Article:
Downloading and using kernel source code (2.6.32.12 and newer) overview

If you know you need to get your kernel source (or at least its headers) for a kernel version 2.6.32.12 and newer, you can find instructions to do so here.


Why would I want kernel source code?

There may come a time when you need the kernel source code, usually to build kernel headers, compile a module or some other server voodoo. Most users won't need to mess with the kernel source on a virtual server, so if you don't know that you need it, you probably don't and can safely skip this article. If you know you do, though, read on.

Note that the instructions in this article apply to kernels version 2.6.32.12 and newer. We'll cover checking the version in a bit. If you do have an older kernel version you'll need to check another article, or pop into support chat for help finding the right source code package.

Contents

The distribution-specific articles describe how to obtain and work with the kernel source code.

• Why would I want kernel source code?

• Install development tools

• Check the kernel version

• The kernel repository

• A choice of sources

• A choice of formats

• Downloading the source

• Unpack

• Make the headers

• Preparing to compile a module

• Summary

Distribution links

To access the article that corresponds to the Linux distribution running on your slice, click the appropriate link below:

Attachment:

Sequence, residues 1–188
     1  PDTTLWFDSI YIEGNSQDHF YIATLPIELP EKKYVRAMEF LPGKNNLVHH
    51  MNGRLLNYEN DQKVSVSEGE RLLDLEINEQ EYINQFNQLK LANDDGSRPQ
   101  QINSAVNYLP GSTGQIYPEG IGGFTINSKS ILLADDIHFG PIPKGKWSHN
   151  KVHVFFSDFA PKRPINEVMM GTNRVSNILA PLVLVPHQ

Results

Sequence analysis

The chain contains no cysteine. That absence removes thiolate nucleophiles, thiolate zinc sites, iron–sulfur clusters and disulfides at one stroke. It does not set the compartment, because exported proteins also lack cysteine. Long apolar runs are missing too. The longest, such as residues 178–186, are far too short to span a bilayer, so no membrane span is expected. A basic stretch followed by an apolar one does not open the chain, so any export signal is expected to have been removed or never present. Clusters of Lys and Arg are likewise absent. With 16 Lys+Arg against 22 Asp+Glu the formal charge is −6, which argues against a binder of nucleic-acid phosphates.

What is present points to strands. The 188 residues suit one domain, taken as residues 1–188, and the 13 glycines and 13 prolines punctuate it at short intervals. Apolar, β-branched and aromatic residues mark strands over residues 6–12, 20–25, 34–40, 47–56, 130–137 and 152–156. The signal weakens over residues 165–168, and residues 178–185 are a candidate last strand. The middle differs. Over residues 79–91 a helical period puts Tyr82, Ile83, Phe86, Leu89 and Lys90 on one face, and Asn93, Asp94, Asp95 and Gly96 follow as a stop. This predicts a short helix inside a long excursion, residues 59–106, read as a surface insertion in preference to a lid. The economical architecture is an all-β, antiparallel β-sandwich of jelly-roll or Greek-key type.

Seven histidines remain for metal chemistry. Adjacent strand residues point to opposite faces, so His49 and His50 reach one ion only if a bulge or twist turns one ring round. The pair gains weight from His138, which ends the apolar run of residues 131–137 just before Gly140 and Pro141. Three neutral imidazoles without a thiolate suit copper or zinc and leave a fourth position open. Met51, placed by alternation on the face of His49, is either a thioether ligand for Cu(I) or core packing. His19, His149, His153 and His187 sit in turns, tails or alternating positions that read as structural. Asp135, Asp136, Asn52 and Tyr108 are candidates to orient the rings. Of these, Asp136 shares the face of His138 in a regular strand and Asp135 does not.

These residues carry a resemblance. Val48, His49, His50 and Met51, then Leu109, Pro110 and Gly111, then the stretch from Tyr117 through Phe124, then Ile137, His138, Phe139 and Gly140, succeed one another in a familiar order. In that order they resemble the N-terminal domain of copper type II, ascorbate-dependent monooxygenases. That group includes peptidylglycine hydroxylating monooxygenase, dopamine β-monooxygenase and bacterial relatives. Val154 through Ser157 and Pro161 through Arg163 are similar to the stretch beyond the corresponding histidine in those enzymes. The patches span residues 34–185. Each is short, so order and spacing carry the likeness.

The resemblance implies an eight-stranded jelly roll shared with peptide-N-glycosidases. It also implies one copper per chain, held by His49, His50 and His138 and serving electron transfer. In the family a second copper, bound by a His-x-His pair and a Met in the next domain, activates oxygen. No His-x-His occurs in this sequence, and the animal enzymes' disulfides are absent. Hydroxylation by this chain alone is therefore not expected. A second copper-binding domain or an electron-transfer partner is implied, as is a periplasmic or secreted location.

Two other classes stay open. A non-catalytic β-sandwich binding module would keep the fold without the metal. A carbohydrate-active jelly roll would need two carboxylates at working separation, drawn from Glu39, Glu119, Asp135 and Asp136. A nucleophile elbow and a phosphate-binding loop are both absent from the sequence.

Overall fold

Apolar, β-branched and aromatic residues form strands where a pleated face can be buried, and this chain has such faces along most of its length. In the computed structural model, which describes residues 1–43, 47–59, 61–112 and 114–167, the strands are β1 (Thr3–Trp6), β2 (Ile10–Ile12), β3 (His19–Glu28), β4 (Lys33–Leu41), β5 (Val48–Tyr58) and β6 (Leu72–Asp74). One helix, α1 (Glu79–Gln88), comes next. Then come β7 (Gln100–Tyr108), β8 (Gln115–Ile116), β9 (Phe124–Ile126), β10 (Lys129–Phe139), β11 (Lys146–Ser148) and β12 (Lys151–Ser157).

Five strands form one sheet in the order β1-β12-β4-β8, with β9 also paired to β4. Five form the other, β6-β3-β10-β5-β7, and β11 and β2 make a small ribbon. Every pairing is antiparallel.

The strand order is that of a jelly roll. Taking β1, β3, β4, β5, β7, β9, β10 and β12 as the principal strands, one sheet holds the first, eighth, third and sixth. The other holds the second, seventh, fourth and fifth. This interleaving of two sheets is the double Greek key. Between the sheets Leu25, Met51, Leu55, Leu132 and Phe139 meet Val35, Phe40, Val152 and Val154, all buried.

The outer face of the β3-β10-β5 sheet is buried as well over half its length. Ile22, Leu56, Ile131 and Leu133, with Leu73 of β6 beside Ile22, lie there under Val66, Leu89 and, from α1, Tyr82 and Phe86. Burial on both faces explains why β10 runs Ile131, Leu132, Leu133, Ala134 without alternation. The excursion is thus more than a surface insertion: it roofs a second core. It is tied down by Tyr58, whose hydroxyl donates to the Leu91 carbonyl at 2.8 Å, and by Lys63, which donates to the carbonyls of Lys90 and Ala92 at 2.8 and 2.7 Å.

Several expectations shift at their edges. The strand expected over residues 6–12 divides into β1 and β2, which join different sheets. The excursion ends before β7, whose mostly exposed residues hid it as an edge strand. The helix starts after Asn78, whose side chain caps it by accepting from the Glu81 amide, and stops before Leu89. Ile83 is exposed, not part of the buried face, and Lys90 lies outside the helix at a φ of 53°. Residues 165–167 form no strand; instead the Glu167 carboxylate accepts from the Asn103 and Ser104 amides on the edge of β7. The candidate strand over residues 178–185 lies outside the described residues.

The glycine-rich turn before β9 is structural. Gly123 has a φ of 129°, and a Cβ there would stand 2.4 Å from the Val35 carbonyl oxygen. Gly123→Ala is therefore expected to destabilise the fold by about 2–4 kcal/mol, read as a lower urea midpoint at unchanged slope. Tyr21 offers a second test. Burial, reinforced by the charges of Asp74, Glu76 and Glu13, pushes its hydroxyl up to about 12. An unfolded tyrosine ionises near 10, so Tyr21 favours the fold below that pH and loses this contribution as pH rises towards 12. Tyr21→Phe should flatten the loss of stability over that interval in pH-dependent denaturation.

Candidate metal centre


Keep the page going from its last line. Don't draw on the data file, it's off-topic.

Ubuntu:  Downloading and using kernel source code (2.6.32.12 and newer) on Ubuntu

Debian:  Downloading and using kernel source code (2.6.32.12 and newer) on Debian

CentOS:  Downloading and using kernel source code (2.6.32.12 and newer) on CentOS

Fedora:  Downloading and using kernel source code (2.6.32.12 and newer) on Fedora

Gentoo:  Downloading and using kernel source code (2.6.32.12 and newer) on Gentoo

Arch:  Downloading and using kernel source code (2.6.32.12 and newer) on Arch

Our Red Hat Enterprise Linux images use a kernel provided by Red Hat for use with the Xen virtualization environment, rather than our own custom build. The best approach for RHEL users would be to locate the appropriate kernel packages in their repository:

sudo yum search kernel-xen

For most RHEL users just looking to instal kernel headers or compile a module, installing the "devel" package that turns up in that search will suffice. Be sure and use sudo when searching yum, because the kernel packages will not be visible to non-root users. While most the instructions in the CentOS article could be adapted by RHEL users once the kernel source package is installed, try installing the "devel" package if it might suit your needs (the simplest solution is often the best).

Further reading

To read more about tinkering with the kernel sources and some of the makefile targets available, you might look at the collection of docs at the Linux Kernel Documentation Index.

The individual distributions often have their own kernel packages and tools for working with them. While you usually won't be able to use their kernel package on a virtual server, some of the related tools may be handy enough to warrant a look through their documentation to see what's available.

  • -- Jered
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